COVID-19 means development setbacks for Mongolia: a UN Resident Coordinator blog
Mongolia has recorded very few cases of COVID-19, less than 300 to date, despite its more than 4,000 kilometre porous border with China. However, the country faces a major economic impact from the pandemic, says Tapan Mishra, the UN Resident Coordinator in Mongolia.
The general picture of the COVID-19 situation in Mongolia is very positive. The Government of Mongolia closed all educational institutions including kindergartens, schools and universities at the beginning of the year. It also introduced strict measures on social distancing, such as a ban on public gatherings, limiting public transportation, closing public spaces such as gyms, and making the wearing of masks in public compulsory. Travel has been very limited, including a complete ban on any international travel by road, rail, or air.
Mongolia has been very vulnerable to the pandemic, not only because of its physical proximity to China and Russia including close links and dependence for economic interests, but also due to its own inadequate health care system.
Despite these challenges, there has been no local transmission reported (cases have been limited to patients importing the virus), and I would say that the leadership of the country has dealt well with the pandemic.
Another factor that has helped in making Mongolia’s response a success story, is that the citizens of the country have diligently complied with the government’s directives and regulations. The requirements to wear masks, ensure good hygiene, such as frequent hand-washing, and physical distancing, have been seriously adhered to. Even during the Tsagaan Sar, the Mongolian Lunar New Year in February, they complied with government orders, and did not even visit their extended families and elders, which is a tradition for Mongolian families.
Minimizing the impact
Several UN agencies are physically present in Mongolia, with more providing support from outside. In response to the COVID-19 crisis, the UN bodies came together under the leadership of the office of the Resident Coordinator, and we have been following the World Health Organization’s response plan, and the UN’s humanitarian and socio-economic response plans. This has involved setting up a socio-economic task force, and identifying the needs and priorities of the most vulnerable people in Mongolian society.
The UN Country Team has utilized well the $1 Million UN Secretary-General's COVID-19 Response and Recovery MPTF (multi-partner trust fund) allocation, for supporting the Government of Mongolia in improving the national testing capacity, and have more supplies of personal protective equipment. We have been also supporting development of the digital learning curriculum to enhance the quality of online learning, as children have not been able to go to school for around six months.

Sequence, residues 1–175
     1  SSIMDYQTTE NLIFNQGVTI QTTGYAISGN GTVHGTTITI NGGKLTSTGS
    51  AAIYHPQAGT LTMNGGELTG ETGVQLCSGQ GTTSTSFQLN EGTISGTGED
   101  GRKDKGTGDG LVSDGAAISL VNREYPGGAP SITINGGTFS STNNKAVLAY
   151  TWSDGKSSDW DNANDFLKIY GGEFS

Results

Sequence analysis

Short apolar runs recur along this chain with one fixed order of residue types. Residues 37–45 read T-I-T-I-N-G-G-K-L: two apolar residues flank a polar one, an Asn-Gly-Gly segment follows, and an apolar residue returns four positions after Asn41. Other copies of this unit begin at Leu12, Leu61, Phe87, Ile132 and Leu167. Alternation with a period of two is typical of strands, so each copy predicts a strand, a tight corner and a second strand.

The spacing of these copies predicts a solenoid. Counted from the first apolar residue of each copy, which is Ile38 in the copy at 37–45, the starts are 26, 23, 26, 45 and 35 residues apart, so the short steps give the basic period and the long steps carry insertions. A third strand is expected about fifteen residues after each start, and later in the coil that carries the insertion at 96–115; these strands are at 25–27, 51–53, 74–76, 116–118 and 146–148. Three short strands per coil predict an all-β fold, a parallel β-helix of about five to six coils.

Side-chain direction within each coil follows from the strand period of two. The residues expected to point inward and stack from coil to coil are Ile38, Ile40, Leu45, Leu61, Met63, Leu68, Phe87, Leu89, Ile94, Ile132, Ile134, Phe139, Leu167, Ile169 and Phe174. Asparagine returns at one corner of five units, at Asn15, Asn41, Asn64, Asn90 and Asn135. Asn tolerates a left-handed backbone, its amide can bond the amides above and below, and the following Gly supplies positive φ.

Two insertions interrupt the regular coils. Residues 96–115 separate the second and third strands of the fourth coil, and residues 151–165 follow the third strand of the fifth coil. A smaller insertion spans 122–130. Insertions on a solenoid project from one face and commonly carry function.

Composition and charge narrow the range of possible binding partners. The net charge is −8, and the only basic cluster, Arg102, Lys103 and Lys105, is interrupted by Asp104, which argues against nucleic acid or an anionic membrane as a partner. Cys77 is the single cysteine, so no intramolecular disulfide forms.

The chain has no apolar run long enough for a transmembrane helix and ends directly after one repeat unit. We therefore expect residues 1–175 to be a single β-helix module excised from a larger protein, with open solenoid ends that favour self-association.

We stand ready to support the Government in every possible way, from their health, humanitarian, and socio-economic response plans, to their longer-term economic recovery.
The economic fallout
We do not know the full impact the pandemic is having yet, but we know it is significant. For instance, in the first quarter of 2020, the economy contracted by 10.7 per cent, and government revenue fell by 8.6 per cent year on year, whilst expenditure went up 19.3 per cent.
Mongolia has a large amount of debt , which means that there is an increased risk of defaulting on debt. According to the IMF, GDP is also expected to fall sharply to minus one per cent this year, down from 5.3 per cent in 2019.
To bolster the economy, the Government approved economic stimulus packages, worth over 10 percent of GDP, which included several measures to support vulnerable groups, including cash benefits; mortgages, consumer and business loan repayments were deferred; and the mortgage rate was reduced.
Unfortunately, it is highly likely that the pandemic will set back the progress we have been making in Mongolia. The Government took early, effective action against the spread of COVID-19, but the increased borrowing, amid an economy hit by reduced exports, means that it will be difficulty to recover from the socio-economic impacts of the crisis.
In collaboration with the IMF, World Bank and other partners, we are conducting detailed studies to look at the real impacts, but we are also working with the Government of Mongolia to ensure that the recovery plans do not leave anyone behind.
I only hope that donors provide the funding that is needed to support the most vulnerable people in Mongolia, and help to ensure that the post-pandemic recovery benefits all members of society.